Introduction

Curriculum Vitae (Last Updated: June 2020)

Hello! You have arrived at the website of Andrew Couperus, me! (You know... in case the giant banner and site name didn't make it clear...) I am a third year graduate student in the astronomy PhD program at the Georgia State University Department of Physics and Astronomy. I work with Dr. Todd Henry as part of the RECONS group, investigating the photometric variability and magnetic activity of nearby M dwarf stars.

Research

REsearch Consortium On Nearby Stars (RECONS)

I lead two projects as a graduate student working with Dr. Todd Henry and RECONS. The first of these efforts is a comprehensive endeavor to investigate stellar cycles in nearby M dwarfs, using more than two decades of data obtained by RECONS. The RECONS volume complete sample consists of 455 M dwarfs within 16.7 pc in the southern sky, with a median coverage of approximately 10 years. My efforts so far have yielded one of the largest existing collections of stellar cycles for fully convective M dwarfs. My second project examines a sample I have constructed of 36 M dwarf binaries with nearly identical components. These ‘twin’ wide binaries are comprised of stars with similar masses, ages, and compositions based on (a) astrometry confirming that they are part of the same, presumably coeval system, and (b) optical/infrared photometry from 0.5-2.2 µm that match within 0.1 mag. Evolutionary models and conventional thinking suggest that such twin stars should evolve co-equally, resulting in similar rotation rates and magnetic activity. However, this has not been rigorously examined for M dwarfs, which host complex and poorly understood magnetic activity. These binaries are being studied with several ongoing observational programs, including spectroscopy, speckle imaging, and long and short duration optical photometry. Early results indicate notable differences in the magnetic activity between components for several systems.

Figure 1 - An H-R diagram of the RECONS volume complete M dwarf sample I am studying, which spans the entire M dwarf spectral range, and is comprised of subgroups that divide the different mass regimes. The current number of objects in the sample totals 455. A black dashed line has been added at MV = 11.33, which corresponds to the modeled 0.35 Solar mass transition between partially and fully convective stars, based on the mass-luminosity relation by Benedict et al. (2016). The sample is dominated by mid and late M dwarfs, which have been critically understudied to date in regards to stellar cycle activity.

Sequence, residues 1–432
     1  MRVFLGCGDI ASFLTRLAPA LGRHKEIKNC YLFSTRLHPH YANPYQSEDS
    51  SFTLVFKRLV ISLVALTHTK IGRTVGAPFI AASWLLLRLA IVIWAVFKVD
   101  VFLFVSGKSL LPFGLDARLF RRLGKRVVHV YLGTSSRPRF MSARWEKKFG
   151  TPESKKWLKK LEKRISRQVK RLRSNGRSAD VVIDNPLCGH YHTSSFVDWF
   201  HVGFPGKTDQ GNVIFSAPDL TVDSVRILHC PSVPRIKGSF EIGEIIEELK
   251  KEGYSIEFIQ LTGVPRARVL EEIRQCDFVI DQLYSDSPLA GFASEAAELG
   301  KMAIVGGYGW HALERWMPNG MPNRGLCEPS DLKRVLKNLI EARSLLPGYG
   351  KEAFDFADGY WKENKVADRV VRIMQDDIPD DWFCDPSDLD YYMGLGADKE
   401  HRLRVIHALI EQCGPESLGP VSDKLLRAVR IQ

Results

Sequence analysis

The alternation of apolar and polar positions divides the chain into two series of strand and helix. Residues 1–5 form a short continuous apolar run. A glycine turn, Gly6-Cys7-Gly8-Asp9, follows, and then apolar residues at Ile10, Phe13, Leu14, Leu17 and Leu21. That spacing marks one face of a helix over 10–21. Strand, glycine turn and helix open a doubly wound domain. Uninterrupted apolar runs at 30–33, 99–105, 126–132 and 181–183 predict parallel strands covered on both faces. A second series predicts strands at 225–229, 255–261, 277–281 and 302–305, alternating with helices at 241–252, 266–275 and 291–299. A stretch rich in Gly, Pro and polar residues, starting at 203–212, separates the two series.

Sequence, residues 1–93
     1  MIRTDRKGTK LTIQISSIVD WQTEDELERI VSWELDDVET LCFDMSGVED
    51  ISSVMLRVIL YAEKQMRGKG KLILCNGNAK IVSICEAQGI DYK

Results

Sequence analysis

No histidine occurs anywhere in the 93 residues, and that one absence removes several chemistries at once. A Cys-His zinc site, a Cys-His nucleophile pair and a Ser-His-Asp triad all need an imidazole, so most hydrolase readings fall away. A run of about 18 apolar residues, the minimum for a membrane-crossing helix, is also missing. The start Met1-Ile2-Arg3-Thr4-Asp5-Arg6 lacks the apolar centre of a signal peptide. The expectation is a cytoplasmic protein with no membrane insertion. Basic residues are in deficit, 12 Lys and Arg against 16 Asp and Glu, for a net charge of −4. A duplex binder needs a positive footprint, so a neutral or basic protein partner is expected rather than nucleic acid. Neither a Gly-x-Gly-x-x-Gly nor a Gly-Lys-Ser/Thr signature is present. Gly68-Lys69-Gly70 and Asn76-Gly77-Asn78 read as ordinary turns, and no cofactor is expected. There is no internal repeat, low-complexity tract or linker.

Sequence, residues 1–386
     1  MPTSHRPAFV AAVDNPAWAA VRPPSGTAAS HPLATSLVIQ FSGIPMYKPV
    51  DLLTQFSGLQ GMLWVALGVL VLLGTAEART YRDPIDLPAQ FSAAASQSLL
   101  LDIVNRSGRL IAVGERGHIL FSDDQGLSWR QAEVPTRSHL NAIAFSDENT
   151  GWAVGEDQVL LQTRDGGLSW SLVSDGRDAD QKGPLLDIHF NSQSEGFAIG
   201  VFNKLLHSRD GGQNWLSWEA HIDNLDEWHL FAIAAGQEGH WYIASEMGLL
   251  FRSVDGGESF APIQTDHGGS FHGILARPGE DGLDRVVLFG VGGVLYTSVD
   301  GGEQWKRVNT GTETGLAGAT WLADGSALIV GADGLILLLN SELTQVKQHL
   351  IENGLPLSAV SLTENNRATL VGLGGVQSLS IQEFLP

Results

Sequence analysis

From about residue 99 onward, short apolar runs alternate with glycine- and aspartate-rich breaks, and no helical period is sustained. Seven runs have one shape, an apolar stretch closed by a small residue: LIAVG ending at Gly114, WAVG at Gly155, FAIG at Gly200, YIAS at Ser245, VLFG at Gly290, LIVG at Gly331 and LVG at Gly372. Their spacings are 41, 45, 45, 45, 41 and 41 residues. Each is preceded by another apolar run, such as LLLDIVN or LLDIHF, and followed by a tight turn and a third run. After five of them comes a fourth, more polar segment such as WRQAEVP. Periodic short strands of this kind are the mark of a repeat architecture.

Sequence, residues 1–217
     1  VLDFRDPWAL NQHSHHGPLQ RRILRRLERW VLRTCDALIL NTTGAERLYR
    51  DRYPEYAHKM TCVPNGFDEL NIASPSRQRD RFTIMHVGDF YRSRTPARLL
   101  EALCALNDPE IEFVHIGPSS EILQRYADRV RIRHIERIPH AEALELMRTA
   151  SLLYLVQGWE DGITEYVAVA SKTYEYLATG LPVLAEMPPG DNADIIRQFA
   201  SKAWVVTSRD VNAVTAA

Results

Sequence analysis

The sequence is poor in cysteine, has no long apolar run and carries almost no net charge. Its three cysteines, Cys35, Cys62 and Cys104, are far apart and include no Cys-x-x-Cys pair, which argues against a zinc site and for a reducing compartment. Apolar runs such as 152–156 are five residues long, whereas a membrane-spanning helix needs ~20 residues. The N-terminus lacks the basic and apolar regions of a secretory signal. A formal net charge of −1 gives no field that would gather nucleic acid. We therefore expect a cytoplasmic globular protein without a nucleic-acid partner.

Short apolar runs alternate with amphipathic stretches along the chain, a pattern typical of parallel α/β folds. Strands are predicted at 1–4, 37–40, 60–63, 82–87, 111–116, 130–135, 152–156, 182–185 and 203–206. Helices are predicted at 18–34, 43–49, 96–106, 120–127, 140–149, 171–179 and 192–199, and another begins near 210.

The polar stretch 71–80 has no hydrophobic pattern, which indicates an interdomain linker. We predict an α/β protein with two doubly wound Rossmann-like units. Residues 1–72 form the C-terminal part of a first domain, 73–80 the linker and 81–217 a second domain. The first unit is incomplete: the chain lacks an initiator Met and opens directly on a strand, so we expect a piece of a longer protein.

Figure 2 - Selected results for the prominent stellar cycle observed in WT 460AB, a nearby M dwarf observed as part of RECONS efforts. The all-frames differential photometry light curve is shown, with a dashed line at 0 defined by the mean of all the points. The grey number on the top right is the mean MAD of all reference stars, weighted by brightness, and is shown visually as the grey shaded region spanning the value above and below 0. The red line shows the Lomb-Scargle based fit, and the period and peak-to-peak delta magnitude of the cycle fit are shown in red at the bottom. The y-axis is inverted, so that the stellar brightness increases moving upward on the plot. Open circles represent one frame epochs that are excluded from all quantitative analysis.
Figure 3 - Here I show a plot of Gaia Bp−Rp color versus absolute Gaia G mag for two sets of stars. Black circles represent the 36 members of my twin binary sample, with components in each binary connected by a red line. Under plotted in grey is a partly cleaned sample of Gaia DR2 sources, showing the main sequence for comparison. My binaries span the range from partially convective early-type M dwarfs to mid and late M dwarfs that are fully convective, with this transition occurring around Bp − Rp = 2.5 (Jao et al. 2018).

Interests

Fantasy Novels - Favorites include: Kingkiller Chronicles, The Stormlight Archive, Riyria Chronicles
Video Games - Favorites include: Breath of the Wild, Skyrim, Borderlands 2, Don't Starve
Arbitrary passionate rants about random things.


Fun Images and Plots

Four false-color composite images of the Orion Nebula, made by me using multi-filter images I acquired using Reynolds Observatory at Clarkson University.
Figure 1 - The semi-major axis versus inclination for the known moons of Jupiter (Fall 2018). Made using data from the JPL Small-Body Database and Scott Sheppard at the Carnegie Institution for Science.
Figure 2 - The semi-major axis versus inclination for the known moons of Saturn (Fall 2018). Made using data from the JPL Small-Body Database and Scott Sheppard at the Carnegie Institution for Science.